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Visit Myanmar in the Rainy Season: Little rain, big rewards

  • By Easia Admin
  • May, 01, 2018

As we sit here in our Yangon office looking out the window, it is clear that the rainy season has set in. Puddles fill the streets, sidewalk vendors have hoisted up huge umbrellas over their shops and there is less pedestrian traffic than usual. We also can see the change in the natural landscapes – the skies are clear of dust and the parks are a rich, deep green colour.

The rainy season starts in May and continues through to September or October. This period coincides with the ‘low season’ for tourists who may be misled into thinking the rains prevent any travel. However not only is it possible to travel in the rainy season, it is also one of the best times to be here.

Firstly we need to dispel the myth that it is ‘not possible’ travel to Myanmar in the rainy season. It’s true that some hotels at Ngapali beach closed due to heavy rain and low occupancy and cruises are limited due to low water levels, but the rest of the country is accessible.


Yangon does get its fair share of rain as do the southern towns of Hpa An and Mawlamyine. The rains vary from an all-day drizzle to a two-hour intense storm or sometimes a combination of both. It is unpredictable but if you are prepared for it, it can be quite enjoyable. Up-country, the rainy patterns are a bit different. Bagan and Mandalay, for instance, rarely received all-day rain. In fact, most storms are 2 hours or less and occur in the late evening or early morning, leaving the days free and clear to explore. The central Shan State (Inle Lake, Kalaw, Pindaya) is also unpredictable but generally a light drizzle throughout the day or one heavy shower in the early morning can be expected. The temperatures here at night will be noticeably cooler and thus it can feel a bit damp. The coast gets hit the hardest and, thus, most beach resorts close for the rainy season. A few properties stay open at ChaungTha and Ngwe Saung beaches but it is rare to have sunny days from May to September.


The first benefit is the limited number of tourists in the rainy season. Myanmar is still a relatively un-touristy country. For example, an estimated 300,000 foreigners visit Bagan every year compared to the 3 million that descend upon Angkor Wat annually. Given that most of these tourists come to Myanmar between November and March you are likely to find sites empty in the rainy months. On a recent Saturday, we headed to PhaungDaw Oo Pagoda on Inle Lake at midday and were the only foreign tourists there. This is quite a contrast to November when you have to fight through the crowds to get close to the main Buddha images.

As a result of these smaller crowds, low season visitors also experience better service. Hotel occupancy levels fall dramatically during this period with some properties utilizing only 10% of their rooms and restaurants also experience a slowdown in bookings. This means your travelers will get extra personalised attention from the staff, be able to enjoy quick service at meals and be able to talk to shop owners about their products without having to wait.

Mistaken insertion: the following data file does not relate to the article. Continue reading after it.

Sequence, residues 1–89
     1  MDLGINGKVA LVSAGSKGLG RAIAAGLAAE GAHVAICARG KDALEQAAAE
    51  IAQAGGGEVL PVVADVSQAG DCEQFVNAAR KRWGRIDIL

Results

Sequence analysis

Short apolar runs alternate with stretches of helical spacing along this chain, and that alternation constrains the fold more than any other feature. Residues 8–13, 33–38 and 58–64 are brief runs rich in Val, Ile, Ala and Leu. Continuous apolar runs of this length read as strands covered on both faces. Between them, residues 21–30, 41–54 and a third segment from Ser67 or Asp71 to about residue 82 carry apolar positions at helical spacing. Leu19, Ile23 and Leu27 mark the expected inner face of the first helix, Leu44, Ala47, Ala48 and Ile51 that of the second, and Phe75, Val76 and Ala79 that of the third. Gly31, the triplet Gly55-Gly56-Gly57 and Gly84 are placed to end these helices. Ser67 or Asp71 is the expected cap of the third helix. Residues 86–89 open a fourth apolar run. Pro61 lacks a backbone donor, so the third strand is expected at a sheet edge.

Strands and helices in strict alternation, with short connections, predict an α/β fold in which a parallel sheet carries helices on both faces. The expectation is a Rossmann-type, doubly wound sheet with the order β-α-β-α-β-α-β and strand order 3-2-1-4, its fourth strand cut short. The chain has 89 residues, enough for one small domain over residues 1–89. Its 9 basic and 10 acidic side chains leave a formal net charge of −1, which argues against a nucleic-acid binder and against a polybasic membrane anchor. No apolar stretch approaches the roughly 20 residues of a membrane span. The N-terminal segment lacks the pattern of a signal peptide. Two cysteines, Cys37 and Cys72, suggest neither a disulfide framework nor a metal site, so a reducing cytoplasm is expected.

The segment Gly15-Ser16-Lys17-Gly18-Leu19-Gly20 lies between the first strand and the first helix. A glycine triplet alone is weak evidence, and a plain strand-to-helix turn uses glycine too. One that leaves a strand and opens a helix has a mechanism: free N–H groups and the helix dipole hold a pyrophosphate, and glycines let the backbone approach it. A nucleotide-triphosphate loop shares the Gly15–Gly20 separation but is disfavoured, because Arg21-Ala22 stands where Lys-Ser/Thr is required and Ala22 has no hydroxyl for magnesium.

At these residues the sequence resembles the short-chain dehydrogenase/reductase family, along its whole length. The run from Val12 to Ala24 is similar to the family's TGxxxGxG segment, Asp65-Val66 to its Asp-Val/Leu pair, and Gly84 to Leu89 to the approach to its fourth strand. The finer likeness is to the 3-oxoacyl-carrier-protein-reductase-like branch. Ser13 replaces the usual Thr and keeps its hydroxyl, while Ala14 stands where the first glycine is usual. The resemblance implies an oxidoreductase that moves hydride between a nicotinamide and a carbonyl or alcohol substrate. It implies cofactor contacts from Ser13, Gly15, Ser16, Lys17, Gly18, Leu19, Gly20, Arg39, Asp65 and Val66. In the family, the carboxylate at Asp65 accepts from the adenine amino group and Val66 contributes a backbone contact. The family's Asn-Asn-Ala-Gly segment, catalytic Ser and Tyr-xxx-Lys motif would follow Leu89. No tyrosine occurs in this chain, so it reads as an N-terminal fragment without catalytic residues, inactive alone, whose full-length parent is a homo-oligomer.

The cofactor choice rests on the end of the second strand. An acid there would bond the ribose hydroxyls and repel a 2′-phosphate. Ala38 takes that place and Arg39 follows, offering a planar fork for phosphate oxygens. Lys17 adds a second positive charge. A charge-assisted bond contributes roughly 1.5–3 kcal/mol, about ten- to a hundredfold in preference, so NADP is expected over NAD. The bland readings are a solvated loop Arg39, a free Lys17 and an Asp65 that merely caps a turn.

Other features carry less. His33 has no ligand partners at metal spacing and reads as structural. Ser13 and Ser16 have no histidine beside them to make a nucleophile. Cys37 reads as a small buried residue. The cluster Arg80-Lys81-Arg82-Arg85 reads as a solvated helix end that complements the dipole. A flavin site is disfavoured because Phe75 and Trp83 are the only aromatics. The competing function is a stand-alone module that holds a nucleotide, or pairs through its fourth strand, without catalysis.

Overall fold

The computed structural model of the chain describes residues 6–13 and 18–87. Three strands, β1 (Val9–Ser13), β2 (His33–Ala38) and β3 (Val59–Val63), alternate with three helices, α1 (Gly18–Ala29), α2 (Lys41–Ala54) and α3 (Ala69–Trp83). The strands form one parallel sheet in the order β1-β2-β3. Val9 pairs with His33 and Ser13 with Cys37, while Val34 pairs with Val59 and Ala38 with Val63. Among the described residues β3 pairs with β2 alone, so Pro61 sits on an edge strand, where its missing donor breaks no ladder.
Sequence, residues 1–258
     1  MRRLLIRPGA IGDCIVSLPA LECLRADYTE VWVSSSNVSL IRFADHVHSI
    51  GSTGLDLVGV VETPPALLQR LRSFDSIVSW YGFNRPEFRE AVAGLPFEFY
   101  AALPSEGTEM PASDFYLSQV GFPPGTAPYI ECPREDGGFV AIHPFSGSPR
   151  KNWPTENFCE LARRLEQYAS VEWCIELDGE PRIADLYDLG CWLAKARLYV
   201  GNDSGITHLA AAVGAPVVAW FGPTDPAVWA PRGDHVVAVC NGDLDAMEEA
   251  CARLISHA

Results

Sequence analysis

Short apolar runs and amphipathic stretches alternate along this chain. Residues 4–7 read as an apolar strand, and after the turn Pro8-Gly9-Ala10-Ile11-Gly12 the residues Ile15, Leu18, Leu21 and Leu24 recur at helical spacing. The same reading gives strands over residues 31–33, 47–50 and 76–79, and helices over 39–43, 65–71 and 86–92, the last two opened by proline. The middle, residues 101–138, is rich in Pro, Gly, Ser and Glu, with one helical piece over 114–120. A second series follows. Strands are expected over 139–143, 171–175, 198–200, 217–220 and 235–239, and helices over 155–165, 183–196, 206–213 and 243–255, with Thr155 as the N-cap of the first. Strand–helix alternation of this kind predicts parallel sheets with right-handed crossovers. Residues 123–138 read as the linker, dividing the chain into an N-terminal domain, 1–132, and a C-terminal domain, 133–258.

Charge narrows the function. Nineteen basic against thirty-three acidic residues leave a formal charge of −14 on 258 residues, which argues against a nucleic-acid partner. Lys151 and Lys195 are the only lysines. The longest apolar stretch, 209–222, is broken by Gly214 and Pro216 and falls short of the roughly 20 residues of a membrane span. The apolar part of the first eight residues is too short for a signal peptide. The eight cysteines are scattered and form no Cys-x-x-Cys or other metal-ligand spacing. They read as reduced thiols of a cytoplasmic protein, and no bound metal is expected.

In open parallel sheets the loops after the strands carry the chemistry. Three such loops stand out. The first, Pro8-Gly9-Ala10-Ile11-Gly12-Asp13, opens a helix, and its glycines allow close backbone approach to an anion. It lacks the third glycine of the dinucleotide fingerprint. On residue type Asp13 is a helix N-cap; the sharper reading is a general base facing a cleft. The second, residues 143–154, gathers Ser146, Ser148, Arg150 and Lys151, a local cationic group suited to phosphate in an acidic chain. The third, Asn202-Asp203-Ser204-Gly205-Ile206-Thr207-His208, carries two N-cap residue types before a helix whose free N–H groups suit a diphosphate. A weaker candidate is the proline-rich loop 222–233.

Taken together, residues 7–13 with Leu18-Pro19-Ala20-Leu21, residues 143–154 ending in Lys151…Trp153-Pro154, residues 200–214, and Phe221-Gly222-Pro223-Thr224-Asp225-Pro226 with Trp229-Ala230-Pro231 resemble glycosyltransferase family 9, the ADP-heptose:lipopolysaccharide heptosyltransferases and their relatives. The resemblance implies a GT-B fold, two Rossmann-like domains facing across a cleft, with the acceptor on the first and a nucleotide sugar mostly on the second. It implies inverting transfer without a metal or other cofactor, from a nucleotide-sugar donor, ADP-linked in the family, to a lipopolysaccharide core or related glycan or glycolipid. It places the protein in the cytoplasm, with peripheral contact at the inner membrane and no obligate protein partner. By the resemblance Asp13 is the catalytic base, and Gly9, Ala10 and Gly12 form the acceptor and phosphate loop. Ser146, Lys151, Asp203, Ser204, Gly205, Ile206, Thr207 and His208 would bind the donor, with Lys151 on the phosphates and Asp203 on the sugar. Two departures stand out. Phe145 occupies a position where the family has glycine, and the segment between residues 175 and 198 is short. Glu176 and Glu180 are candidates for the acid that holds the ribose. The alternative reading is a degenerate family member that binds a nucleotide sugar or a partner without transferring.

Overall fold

Hotels and cruises also offer promotion prices to attract more visitors during the low season which means great savings can be had, especially on the higher-end properties. It is a fantastic opportunity to upgrade your stay to nicer hotels without breaking the budget. And since crowds are thin, you can almost be guaranteed to get your first choice hotel.

Aside from low crowds and cheaper prices, the rainy season brings with it other benefits. In most of the country, the rains help clear the skies and everything is in bloom. The Shan hills are patchworks of vibrant colours from the various crops growing, Bagan has lush green fields amid the brick-red temples and Mandalay’s outskirts are filled with rice paddies aligned in perfect rows. For photographers, this is the best time to capture the natural beauty and colours of Myanmar.

The locals embrace the rains and it is fun to see them enjoying it. After months of dry heat, the rains bring cool, breezy evenings and early mornings in many regions of Myanmar and the locals take advantage of it. During the day most people stay inside to stay dry and cool but in the evening, in neighborhoods, parks and other public areas families and friends come out to play games, go for walks or have a drink. Even if it is still raining it is common to see kids- and sometimes adults- out splashing in the puddles and falling rain, cooling off after the hot day. It is fun to see the ways the smiles on their faces as they make the most of the wet weather.


Few crowds, beautiful landscapes, smiling faces, great service and fantastic value: Not only is it possible to visit Myanmar in the rainy months it may actually be the best time to visit Myanmar.

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